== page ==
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Summary

  1. North Korea has confirmed that it has carried out its fifth nuclear test
  2. The detonation caused a 5.3 magnitude earth tremor in North Korea
  3. Experts say it may well be North Korea's most powerful nuclear test yet
  4. The development has been widely condemned across the region

Live Reporting

By Joel Gunter, Dominic Howell, Helier Cheung, David Walker, Anna Jones and Samanthi Dissanayake

All times stated are UK

Closing summary

We are wrapping up our live coverage now. Below is a summary of the main points, and you can read the full story here:

  • North Korea has carried out a fifth nuclear test - thought to be its largest yet.
  • South Korea said the explosion carried out at 09:00 local time (01:30) BST was recorded as a 5.3 magnitude seismic event.
  • Estimates of the explosive yield of the blast have varied. South Korea's military said it was about 10 kilotonnes, enough to make it the North's "strongest nuclear test ever". Other experts say initial indications suggest 20 kilotonnes or more. By comparison, the bomb dropped by the US on Japan's Hiroshima in 1945 had a yield of about 15 kilotonnes.  
  • US President Barack Obama said the international community had to "ensure provocative actions from North Korea are met with serious consequences".
  • South Korean President Park Geun-hye called it an act of "self-destruction" showing the "maniacal recklessness" of leader Kim Jong-un.
  • Japan's Prime Minister Shinzo Abe said his country "absolutely cannot condone" any such test and would "protest adamantly" to Pyongyang.  
  • China and Russia also condemned the test.

'Peace is best form of defence'

Here's a tweet from environmental NGO Greenpeace:

View more on twitter

China reaction: 'Level two emergency response'

BBC Monitoring

News from around the globe

State-owned Chinese broadcasters have been providing updates on whether North Korea's fifth test explosion has had a radiation effect on bordering Chinese provinces. 

Phoenix TV said that after the explosion, China's Ministry of Environmental Protection immediately issued a "level 2 emergency response".

However, official broadcaster CCTV says that as of 16:00 local time, the department's "DPRK nuclear test radiation levels had yet to impact the environment".   

Could North Korea launch a nuclear attack?

Protesters
AP
North Korea's nuclear actions have become a cause of concern among its neighbours, especially South Korea

North Korea has conducted several tests with nuclear bombs - but it's not clear if it's able to make a nuclear warhead small enough to fit on to a missile.

There are also questions over whether the highly-secretive nation has ever tested a hydrogen bomb, as it claims, and whether it is using plutonium or uranium in its tests.

Here's a round up of everything we know about North Korea's nuclear capability.

Warnings of 'activity' appeared 24 hours before fifth test

On Thursday 8 September the US-based North Korean analysis website 38 North published a report suggesting that there was "activity" at three portals near the Punggye-ri nuclear test site in North Korea.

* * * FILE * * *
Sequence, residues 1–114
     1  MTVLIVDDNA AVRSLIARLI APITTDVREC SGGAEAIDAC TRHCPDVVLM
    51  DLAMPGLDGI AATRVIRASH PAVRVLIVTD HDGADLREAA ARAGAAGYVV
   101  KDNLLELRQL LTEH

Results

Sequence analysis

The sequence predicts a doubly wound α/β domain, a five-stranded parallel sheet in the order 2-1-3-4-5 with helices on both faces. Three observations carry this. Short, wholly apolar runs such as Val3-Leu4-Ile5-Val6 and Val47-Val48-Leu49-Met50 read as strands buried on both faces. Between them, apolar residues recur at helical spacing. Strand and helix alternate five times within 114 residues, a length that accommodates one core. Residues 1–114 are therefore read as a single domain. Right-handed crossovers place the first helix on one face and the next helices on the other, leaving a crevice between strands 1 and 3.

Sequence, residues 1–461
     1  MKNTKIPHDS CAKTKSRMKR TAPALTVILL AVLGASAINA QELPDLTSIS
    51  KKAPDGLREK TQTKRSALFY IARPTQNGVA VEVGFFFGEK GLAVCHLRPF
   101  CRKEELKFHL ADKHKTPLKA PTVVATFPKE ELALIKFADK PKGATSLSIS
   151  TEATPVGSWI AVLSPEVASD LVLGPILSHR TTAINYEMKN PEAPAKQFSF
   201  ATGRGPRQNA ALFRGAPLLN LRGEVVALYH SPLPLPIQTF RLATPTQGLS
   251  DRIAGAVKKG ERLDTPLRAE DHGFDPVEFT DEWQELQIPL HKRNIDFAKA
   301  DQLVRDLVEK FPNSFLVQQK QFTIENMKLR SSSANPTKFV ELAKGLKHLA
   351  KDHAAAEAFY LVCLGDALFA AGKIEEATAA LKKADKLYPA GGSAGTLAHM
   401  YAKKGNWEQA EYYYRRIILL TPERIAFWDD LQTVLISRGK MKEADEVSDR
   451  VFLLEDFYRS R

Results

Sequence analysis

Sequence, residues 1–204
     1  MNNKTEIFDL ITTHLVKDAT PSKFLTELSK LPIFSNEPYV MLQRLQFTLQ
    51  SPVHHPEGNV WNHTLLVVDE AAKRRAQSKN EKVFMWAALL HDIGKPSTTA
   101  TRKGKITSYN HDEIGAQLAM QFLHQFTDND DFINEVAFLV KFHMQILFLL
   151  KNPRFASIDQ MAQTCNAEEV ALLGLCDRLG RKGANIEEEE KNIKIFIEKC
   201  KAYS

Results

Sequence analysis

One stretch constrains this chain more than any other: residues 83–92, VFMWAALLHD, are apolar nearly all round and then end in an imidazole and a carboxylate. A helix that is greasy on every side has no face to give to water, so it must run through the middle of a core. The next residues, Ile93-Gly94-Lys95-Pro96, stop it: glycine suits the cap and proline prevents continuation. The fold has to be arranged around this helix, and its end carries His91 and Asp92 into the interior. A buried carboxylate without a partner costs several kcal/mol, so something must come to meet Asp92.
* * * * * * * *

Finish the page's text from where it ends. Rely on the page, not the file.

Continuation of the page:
The report said "mining carts" and some new tracks were visible.

However, at the time, it said it was "unclear if this activity is directly related to preparations for a fifth nuclear test".  

38 North describes its main objective as watching and monitoring nuclear capability within North Korea.

Satellite image of North Korea
38 North

A familiar face for the state announcement

With precious little access to internet or TV outside the country, North Koreans rely on state TV channels for their news. And when it's time for a big announcement, they are usually greeted by a familiar face.

Ri Chun-Hee, occasionally nicknamed the "harbinger of doom", made the official announcements of the deaths of Kim Il-sung in 1994 and Kim Jong-il in 2011.

She announced her own retirement in 2012, but was brought back in January to announce that North Korea had carried out a hydrogen bomb test - although the use of a hydrogen device has been disputed by experts.

And she appeared again on Friday, with her customary pink outfit and dramatic news-reading style, to announce the latest test. Watch a clip below. 

Read more about her here.

North Korea newsreader announces nuclear test

US and Russia jointly condemn North Korea's fifth test

Secretary of State John Kerry (L) and Russian Foreign Minister Sergei Lavrov
Reuters

The US Secretary of State John Kerry said: "Obviously Japan and South Korea, particularly, are deeply concerned because of the neighborhood. 

"But I think it's fair to say China, Russia and the United States, everybody shares concerns about it.

"At the appropriate moment today I'm confident President Obama will address [this] and we will certainly be discussing this in the context of the United Nations, for sure." 

Mr Kerry made his comment during a meeting with Russian Foreign Minister Sergei Lavrov in Geneva, Switzerland, to discuss the crisis in Syria.

Mr Lavrov said: "I'm very much concerned and the resolution of the Security Council must be implemented and we must send this message very strongly."